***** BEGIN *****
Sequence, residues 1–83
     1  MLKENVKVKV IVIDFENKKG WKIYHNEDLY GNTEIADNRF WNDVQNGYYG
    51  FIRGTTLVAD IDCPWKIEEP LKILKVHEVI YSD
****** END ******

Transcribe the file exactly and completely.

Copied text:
Sequence, residues 1–83
     1  MLKENVKVKV IVIDFENKKG WKIYHNEDLY GNTEIADNRF WNDVQNGYYG
    51  FIRGTTLVAD IDCPWKIEEP LKILKVHEVI YSD